When trying to pick the best dividend stocks, investors should focus on the stocks' annualized dividend yields, sustainability of the yields, the financial capacity to grow dividends in the future, and the management's commitment to sustain and grow dividends. Several indicators will be particularly important, including the ratio of dividend payouts to earnings and free cash flow, the past and projected growth in earnings per share (EPS), the extent of the company's leverage (debt-to-equity ratio), and the free cash flow yield.
Running a screen based on these variables, whereby the dividend coverage ratio is limited to 50%, long-term EPS growth is positive, long-term dividend growth is above 10%, debt-to-equity ratios hover below 40%, and free cash flow yields rest above 5%, produces several appealing and safe dividend plays. Based on these selection criteria, here we take a closer look at five such stocks:
Accenture (ACN) is a $37 billion global management consulting, IT services, and outsourcing firm headquartered in Ireland, Europe. The company has increased dividends each year since 2006. Its currently dividend yield is 2.4%. It has a low dividend coverage ratio of 36% of earnings and 27% of free cash flow. Accenture's peers McKinsey & Co., The Boston Consulting Group, and Deloitte, are privately held. Competitors International Business Machines (IBM) and Infosys Technologies (INFY) pay dividend yields of 1.8% and 2.0%, respectively. Over the past five years, Accenture's dividend and EPS grew at average rates of 31% and 16.4% per year, respectively. The EPS is forecast to grow 10.3% per year for the next five years. The company has no debt. It is cash rich, as its free cash flow yield stands at 6.4%, compared to 5.3% for its peers. The stock is popular with billionaires Jim Simons and Cliff Asness.
Xilinx Inc. (XLNX) is an $8.3 billion chip maker, a designer and marketer of programmable platforms. The company has increased dividends for 10 consecutive years. Xilinx has raised its dividend payout at an average rate of 15.2% a year over the past five years. The company pays a dividend yield of 2.8%. Its dividend coverage ratio is 45% of earnings and 32% of free cash flow. Peer Altera Corp (ALTR) pays a dividend yield of 1%, while rival Lattice Semiconductor Corporation (LSCC) does not pay dividends. Over the past five years, the company's EPS grew at an average annual rate of 13.8%. Analysts forecast that the company's EPS will expand at the same rate each year for the next five years. Xilinx Inc. has a low debt-to-equity ratio of 33%. Its free cash flow yield is 6.7%, compared to 3.2% for the industry. Billionaire Jim Simons is bullish about this company.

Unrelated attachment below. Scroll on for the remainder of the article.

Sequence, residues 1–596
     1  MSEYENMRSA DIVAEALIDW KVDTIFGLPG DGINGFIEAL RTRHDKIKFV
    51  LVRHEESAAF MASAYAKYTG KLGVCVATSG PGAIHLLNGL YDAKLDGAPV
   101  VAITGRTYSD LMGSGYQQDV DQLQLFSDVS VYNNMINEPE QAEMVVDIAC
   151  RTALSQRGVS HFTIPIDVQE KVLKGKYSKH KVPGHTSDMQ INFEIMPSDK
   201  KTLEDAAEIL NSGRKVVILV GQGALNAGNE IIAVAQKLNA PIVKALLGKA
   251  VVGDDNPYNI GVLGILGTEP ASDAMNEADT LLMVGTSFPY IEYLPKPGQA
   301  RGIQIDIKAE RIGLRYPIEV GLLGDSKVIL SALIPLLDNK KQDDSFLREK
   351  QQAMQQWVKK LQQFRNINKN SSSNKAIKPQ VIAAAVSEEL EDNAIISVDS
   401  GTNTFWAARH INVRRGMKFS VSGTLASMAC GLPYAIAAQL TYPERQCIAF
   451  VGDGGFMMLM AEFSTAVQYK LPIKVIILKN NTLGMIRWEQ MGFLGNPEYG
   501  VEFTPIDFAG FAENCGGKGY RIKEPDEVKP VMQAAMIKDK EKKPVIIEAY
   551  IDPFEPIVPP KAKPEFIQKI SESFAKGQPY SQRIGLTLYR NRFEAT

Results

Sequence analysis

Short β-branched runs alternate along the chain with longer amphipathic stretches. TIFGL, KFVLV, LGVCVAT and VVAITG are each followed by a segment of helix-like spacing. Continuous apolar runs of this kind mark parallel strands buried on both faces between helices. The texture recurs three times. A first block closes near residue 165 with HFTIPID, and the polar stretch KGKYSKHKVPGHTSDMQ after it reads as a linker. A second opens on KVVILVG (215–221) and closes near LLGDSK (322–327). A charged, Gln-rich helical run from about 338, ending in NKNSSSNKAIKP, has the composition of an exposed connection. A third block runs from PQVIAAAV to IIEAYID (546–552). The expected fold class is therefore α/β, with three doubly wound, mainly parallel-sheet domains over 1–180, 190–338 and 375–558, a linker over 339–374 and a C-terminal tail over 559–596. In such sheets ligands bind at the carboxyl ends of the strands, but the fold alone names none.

Aflac Inc. (AFL) is a $20 billion supplemental health and life insurance company with most operations in Japan and the United States. It pays a dividend yield of 3.0%. Its dividend coverage ratio is 26% of earnings and 6% of operating cash flow. The company has increased dividends every year for the past 29 years. Competitor Unum Group (UNM) pays a dividend yield of 2.2%, while CNO Financial Group does not pay any dividends. The company increased dividends and EPS at average annual rates of 13.7% and 7.2%, respectively, over the past five years. The EPS is forecast to increase at a rate of 11.1% per year over the next five years. Aflac's debt is low at 29% of equity. Its free cash flow yield is 57%, which compares to the industry's average of 36%. Among fund managers, the stock is popular with John Rogers (Ariel Investments-check its top holdings) and billionaire Jim Simons. We recently took a closer look at Aflac as a potential growth and income play.
CA Technologies (CA) is a $12 billion enterprise IT, management software and solutions company. The stock pays a dividend yield of 3.9% on a dividend coverage ratio of 50% of earnings and 40% of free cash flow. Peers International Business Machines Corporation and Oracle Corporation (ORCL) pay dividend yields of 1.8% and 0.8%, respectively. CA Technologies' dividend and EPS grew at average annual rates of 30% and 54%, respectively, over the past five years. The EPS is forecast to rise 10.3% per year for the next five years. The stock has a low debt-to-equity ratio of 24%. Its free cash flow yield is 8.5%, compared to 7% for the industry on average. David Einhorn and Jim Simons are fans of the company.
Parker Hannifin Corporation (PH) is an $11 billion company that produces and sells motion and fluid control systems and related components. Its dividend is currently yielding 2.2% on a dividend coverage ratio of 23% of earnings and 28% of free cash flow. Its competitors Eaton Corporation (ETN) and Honeywell International Inc. (HON) yield 4.0% and 2.7%, respectively. The company has raised dividends for the past 56 years. Over the past five years, its dividend and EPS grew at average annual rates of 17% and 12.6%, respectively. Analysts forecast that the company's EPS will increase at an average rate of 8.5% per year for the next five years. The company has low debt to equity of 32%. Its free cash flow yield is 8.3%, compared to 2.5% for the industry on average. Fund managers Rick Dillon (Diamond Hill Capital-check out its top holdings) and David Harding (Winton Capital Management-see its fund portfolio) are bullish about the stock.
Disclosure: I have no positions in any stocks mentioned, and no plans to initiate any positions within the next 72 hours.